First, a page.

Wednesday, 5 October 2011

Gissing and The Nether World

George Orwell might have written the biography of George Gissing. He was asked to do so by a publisher in 1946 but he was on his way to the island of Jura and so had to decline the offer. Instead he wrote Nineteen Eighty-Four which is a decent swap. Orwell was born in 1903 the same year that Gissing died and they both lived to the age of 46 each succumbing finally to lung disease. I am relying here on the biography George Gissing: A Life by Paul Delany. Therein the point is made that whereas Orwell took to tramping to research his books on poverty, Gissing merely walked the streets and visited the workshops of Clerkenwell to do research for his novel The Nether World but it could also be maintained that Gissing had no need of sentimental immersion as he had just buried his first wife Nell two weeks before starting that novel. He had first met and fallen in love with her when he was a brilliant young student and she a young prostitute. Though he, through the multiple scholarships which he had won, was well off, for a student, still that was not enough to keep her off the streets and he began to steal from his fellows at Owens College (later Manchester University). The month in goal that he received for his crime was the beginning of his real research into the nether world. Expelled from college in disgrace he went to America that place of dubious sanctuary but when he came back after a year took up with Nell again. His plan was to turn her into a ladylike companion but she kept up with her trade and her drinking throughout their marriage. Delany suggests that she infected him with syphilis, the disease that finally killed her and may have exacerbated the weakness of his lungs.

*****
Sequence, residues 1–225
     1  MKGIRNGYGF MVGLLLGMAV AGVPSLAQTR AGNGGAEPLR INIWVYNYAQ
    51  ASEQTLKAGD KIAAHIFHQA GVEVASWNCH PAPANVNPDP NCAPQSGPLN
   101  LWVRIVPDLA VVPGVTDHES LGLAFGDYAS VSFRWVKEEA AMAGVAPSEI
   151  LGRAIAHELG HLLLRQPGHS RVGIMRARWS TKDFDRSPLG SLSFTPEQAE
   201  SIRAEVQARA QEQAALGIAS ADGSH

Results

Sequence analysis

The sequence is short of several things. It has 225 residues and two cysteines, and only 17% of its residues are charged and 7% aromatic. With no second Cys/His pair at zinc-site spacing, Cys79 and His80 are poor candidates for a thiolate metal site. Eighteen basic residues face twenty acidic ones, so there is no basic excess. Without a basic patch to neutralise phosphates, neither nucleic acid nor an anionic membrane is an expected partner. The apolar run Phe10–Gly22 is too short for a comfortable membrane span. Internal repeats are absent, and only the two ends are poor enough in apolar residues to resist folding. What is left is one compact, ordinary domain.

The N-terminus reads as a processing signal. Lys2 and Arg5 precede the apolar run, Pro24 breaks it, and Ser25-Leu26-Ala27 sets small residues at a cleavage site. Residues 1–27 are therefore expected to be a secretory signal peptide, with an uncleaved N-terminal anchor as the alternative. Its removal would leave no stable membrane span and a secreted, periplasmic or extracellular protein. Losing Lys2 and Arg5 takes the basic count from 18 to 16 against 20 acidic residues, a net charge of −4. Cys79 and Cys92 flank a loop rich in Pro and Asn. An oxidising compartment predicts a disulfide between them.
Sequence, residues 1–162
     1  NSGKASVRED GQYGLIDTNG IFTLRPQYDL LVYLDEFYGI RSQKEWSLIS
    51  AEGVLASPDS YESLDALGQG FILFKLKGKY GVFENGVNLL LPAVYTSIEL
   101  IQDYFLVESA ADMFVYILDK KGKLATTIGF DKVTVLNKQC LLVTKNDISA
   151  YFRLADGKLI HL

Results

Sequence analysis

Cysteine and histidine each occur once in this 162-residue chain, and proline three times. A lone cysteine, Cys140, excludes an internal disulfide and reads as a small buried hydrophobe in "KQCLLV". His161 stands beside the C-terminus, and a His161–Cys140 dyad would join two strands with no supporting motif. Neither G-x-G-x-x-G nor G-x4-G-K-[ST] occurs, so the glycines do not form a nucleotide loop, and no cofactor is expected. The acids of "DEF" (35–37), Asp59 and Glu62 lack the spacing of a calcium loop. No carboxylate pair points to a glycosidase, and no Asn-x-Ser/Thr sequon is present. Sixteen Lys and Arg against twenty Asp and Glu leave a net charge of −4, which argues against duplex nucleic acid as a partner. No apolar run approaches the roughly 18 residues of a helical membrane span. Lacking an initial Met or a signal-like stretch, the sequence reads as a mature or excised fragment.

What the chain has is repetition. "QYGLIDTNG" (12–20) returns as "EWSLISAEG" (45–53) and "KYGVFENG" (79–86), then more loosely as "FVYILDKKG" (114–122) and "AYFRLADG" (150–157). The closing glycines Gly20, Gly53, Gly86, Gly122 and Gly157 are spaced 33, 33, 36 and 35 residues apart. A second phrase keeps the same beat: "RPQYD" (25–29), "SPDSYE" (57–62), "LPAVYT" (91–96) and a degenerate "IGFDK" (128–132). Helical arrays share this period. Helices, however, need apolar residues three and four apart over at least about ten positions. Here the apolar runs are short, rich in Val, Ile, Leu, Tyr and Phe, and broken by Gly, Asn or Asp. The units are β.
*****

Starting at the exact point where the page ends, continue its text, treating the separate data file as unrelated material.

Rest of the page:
There are many of us who have been scorched by the fire of a fatal relationship but have come out the other side with a here be dragons map engramatically engraved on our brains . Gissing continued to explore that territory. What he needed was a nice intelligent work-girl that he could mould to a suitable companion. His second wife went mad and fought with the servants.

By being expelled from Owens College he had lost his chance to rise in the world. He later wrote in a letter:

The life of a Fellow at Oxford or Cambridge is, I should think, almost ideal. He has his man-servant, his meals either in private or at the public table, an atmosphere of culture and peace.

The way that the clever student can con his lessons well and deliver them back in the same diction as the professor, that sincere flattery that brings academic honour, could be the very mimesis that hobbles his style. It’s not there all the time, that constraint that makes him seem like a foreigner that was attempting the speech of a class always beyond him and that he could never be sure he was getting right. There is a concept of what is ‘writerly’ that stifles the life of his prose sometimes but I do not deny that this may be a function of his hurry. He began the novel on 19th.of March and finished it on the 18th. of July. In our more leisurely days that would probably be the time allotted for a first very rough draft .

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